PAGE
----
I think we not only can but must. A pretty life filled with neatness and order gets you absolutely nowhere in the end but suburbia. Spiritual life is difficult, often dangerous, but its an adventure which we all instinctively recognise. For within each of us is the capacity to worship it all, all the good, all the bad, all the troubles and joy... Worship this as the great Maya, the wonderful illusory dance we witness while we are alive.
Someone very close to me once had a dream in which Kali came to her bed one night, and for her, this experience was the essence of bliss and ecstacy... And she was never the same again. Kali, then, is not doom or gloom, but she is untameable, supremely free, and to glimpse her even for a second (lightening and thunder rumbling right now across the night sky as I write this) is to gain a matchless gift. Next time your world comes tumbling down, see if you can spot Her at play...
There are lots of secrets about Kali-Ma. She has penetrated western consciousness for at least 200 years in a particularly shameful way- the British imperialists decided to label her worship as devilish, and this image even resurfaced in one of the dreadful Indiana Jones movies of the 1980s - a bloodthirsty goddess with crazed supporters out to kill everyone.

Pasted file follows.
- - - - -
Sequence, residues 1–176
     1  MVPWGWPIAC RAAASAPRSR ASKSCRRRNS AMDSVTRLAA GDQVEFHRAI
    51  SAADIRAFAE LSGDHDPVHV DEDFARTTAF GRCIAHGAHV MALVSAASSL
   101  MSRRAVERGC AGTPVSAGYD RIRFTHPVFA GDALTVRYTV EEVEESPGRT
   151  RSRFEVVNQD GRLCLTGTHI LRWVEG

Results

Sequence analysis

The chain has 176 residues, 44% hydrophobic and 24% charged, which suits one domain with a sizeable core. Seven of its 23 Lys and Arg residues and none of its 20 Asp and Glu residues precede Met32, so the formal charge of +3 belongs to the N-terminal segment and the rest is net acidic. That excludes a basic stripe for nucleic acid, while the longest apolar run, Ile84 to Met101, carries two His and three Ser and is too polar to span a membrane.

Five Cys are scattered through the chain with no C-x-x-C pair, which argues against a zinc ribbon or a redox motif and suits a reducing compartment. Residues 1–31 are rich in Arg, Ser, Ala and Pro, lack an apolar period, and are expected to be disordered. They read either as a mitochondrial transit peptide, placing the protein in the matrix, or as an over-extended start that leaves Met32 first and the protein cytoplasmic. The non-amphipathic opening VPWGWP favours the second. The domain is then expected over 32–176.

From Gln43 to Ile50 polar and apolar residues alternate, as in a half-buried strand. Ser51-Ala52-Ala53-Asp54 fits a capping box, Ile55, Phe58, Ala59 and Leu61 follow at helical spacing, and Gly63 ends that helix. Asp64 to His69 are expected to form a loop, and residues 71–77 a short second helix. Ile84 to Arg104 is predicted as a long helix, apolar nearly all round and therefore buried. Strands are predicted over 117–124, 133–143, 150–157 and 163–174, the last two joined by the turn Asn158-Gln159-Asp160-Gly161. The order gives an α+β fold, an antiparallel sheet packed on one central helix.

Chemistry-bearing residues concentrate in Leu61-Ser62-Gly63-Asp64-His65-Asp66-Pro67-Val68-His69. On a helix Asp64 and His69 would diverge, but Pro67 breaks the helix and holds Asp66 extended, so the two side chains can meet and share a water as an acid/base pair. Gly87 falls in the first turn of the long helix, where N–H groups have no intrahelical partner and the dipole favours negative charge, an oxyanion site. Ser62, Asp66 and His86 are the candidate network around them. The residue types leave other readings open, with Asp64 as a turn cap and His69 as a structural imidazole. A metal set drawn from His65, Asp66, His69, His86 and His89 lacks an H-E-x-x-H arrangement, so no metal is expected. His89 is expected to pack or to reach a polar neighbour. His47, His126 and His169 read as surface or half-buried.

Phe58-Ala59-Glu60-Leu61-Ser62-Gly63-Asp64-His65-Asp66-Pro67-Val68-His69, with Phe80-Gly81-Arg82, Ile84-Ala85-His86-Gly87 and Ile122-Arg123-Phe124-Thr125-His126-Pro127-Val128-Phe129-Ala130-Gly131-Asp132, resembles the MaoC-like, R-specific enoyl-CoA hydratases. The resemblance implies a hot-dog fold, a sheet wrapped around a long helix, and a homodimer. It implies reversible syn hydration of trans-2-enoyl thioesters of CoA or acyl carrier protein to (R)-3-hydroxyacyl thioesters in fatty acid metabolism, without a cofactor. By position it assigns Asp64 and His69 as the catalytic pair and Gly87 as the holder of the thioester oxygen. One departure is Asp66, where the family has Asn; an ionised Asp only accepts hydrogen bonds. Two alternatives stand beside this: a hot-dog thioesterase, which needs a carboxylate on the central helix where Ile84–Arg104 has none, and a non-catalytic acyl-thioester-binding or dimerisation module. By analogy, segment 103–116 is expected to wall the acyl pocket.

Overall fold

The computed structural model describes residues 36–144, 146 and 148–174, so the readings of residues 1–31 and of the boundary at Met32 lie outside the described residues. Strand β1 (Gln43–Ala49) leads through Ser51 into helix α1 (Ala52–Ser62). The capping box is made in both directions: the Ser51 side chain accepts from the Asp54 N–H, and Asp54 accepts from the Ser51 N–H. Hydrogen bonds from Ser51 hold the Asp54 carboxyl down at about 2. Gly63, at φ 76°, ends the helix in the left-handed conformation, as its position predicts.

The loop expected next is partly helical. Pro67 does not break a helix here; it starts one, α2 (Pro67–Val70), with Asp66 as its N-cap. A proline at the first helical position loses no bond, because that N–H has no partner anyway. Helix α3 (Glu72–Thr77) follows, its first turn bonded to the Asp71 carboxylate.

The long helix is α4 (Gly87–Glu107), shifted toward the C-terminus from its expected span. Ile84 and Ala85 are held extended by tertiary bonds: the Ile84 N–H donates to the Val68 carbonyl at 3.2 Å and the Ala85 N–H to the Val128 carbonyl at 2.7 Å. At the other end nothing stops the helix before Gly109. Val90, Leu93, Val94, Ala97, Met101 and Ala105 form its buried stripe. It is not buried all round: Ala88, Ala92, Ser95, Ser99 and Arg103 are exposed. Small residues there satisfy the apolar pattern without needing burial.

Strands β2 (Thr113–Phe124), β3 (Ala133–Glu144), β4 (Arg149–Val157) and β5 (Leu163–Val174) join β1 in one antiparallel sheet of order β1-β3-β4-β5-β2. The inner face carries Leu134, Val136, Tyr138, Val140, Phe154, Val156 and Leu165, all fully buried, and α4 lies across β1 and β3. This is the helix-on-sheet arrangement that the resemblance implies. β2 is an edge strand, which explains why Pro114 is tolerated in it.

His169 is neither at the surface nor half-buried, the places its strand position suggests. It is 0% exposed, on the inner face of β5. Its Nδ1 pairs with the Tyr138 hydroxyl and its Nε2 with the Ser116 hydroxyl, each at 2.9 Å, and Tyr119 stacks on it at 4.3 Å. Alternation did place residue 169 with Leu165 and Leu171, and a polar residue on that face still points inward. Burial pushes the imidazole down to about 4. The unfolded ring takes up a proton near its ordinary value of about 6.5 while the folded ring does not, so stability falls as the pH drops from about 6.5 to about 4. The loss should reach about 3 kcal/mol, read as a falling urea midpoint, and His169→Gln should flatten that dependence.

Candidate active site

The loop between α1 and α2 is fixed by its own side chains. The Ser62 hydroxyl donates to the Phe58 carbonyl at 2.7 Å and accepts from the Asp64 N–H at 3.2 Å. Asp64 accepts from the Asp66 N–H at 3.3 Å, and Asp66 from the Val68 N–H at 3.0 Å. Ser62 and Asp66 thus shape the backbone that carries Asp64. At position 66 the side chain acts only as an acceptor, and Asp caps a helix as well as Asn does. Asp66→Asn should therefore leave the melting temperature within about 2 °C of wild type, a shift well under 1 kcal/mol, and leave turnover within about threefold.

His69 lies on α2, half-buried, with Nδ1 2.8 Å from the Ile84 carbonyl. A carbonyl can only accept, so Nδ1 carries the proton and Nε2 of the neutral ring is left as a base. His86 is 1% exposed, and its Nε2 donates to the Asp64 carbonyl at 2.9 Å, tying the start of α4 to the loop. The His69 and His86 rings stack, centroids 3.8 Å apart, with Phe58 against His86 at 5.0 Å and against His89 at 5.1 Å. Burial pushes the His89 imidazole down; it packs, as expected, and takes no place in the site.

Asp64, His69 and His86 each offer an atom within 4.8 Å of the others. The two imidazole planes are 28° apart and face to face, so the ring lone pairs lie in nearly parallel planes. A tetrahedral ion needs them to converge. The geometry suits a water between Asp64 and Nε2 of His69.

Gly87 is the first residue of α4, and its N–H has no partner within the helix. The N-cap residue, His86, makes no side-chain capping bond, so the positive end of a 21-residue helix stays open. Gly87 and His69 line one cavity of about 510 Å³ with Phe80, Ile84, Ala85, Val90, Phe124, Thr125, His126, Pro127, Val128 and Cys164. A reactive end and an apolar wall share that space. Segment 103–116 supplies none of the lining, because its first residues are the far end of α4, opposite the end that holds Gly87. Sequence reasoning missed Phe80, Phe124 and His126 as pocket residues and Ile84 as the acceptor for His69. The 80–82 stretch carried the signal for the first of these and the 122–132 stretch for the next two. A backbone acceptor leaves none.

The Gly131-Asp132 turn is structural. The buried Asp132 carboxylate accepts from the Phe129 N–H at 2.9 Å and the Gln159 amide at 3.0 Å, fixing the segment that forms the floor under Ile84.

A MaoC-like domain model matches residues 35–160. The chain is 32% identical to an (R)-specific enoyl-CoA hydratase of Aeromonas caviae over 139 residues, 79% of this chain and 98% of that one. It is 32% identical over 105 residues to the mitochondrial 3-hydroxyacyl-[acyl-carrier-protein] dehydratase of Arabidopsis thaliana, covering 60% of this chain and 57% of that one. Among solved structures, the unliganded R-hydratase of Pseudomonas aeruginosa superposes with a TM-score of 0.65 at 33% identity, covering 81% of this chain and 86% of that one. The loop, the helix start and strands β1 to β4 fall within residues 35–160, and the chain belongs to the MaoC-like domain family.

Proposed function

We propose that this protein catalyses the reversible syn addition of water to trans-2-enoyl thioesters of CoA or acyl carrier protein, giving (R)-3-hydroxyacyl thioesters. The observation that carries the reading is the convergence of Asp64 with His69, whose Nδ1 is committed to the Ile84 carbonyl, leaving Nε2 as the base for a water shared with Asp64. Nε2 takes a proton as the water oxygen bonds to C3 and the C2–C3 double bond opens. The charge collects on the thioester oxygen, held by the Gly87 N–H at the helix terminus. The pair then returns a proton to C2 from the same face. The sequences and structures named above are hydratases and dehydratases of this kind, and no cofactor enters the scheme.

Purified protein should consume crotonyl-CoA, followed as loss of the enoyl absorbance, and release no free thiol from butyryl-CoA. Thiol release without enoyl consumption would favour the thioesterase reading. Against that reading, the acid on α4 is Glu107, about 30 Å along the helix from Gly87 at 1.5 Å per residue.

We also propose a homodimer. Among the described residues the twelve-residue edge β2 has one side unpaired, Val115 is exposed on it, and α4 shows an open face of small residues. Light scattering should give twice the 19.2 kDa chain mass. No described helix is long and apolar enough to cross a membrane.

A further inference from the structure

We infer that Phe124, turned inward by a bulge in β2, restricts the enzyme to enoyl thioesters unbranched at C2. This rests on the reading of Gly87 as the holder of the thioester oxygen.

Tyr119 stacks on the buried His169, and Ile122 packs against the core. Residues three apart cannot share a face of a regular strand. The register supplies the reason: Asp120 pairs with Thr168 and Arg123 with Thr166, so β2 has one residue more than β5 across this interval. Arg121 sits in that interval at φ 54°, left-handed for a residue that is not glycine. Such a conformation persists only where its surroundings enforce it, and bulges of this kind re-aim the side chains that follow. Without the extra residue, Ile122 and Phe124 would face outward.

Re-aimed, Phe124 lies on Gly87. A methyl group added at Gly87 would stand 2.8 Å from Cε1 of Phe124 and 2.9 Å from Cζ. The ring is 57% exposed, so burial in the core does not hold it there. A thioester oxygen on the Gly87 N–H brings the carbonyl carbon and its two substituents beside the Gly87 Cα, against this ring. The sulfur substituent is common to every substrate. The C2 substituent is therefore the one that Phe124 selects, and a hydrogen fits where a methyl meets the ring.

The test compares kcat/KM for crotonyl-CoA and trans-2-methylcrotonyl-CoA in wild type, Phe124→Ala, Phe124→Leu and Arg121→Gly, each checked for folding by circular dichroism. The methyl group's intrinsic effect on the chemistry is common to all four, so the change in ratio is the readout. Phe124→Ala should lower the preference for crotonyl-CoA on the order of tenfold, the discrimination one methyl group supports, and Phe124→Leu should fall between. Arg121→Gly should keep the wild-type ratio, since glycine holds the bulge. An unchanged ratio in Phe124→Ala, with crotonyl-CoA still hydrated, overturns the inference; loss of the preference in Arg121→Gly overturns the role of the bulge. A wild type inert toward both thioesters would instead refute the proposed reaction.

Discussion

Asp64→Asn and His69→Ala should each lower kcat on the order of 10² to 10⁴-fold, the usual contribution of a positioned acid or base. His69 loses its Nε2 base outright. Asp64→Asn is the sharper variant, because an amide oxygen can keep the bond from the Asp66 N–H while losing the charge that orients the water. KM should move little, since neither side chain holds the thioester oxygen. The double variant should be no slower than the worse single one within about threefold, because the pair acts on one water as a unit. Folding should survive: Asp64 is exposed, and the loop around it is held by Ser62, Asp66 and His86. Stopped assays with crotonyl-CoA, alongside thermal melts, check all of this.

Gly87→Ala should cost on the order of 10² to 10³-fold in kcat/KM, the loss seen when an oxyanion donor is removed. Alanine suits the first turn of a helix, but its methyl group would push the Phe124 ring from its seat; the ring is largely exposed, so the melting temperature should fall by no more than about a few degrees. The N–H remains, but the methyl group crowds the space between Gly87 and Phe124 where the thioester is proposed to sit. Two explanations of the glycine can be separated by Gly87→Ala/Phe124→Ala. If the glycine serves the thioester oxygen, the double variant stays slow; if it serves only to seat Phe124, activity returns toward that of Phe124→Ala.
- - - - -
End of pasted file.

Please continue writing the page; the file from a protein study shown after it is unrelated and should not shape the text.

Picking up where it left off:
That said, She is wild and untameable and holds the Bhairav, the fierceness of a tigress about to pounce. She is the village goddess, She is the supporter of those who do not fit into any category. She sweeps all away, and none too gently... but to Her devotees, She is revealed in true loveliness.
As one beautiful Yogananda chant puts it:
Her colour is dark, her hair free. Her very name is linked with Kala, time, the great devourer. Her tongue is loose - some say with shame at trampling her husband, some say with the unquenchable thirst for blood, and that tongue will sweep up the negativities of a devotee, often with a masterly series of blows that hurt when they happen, but heal when they are over.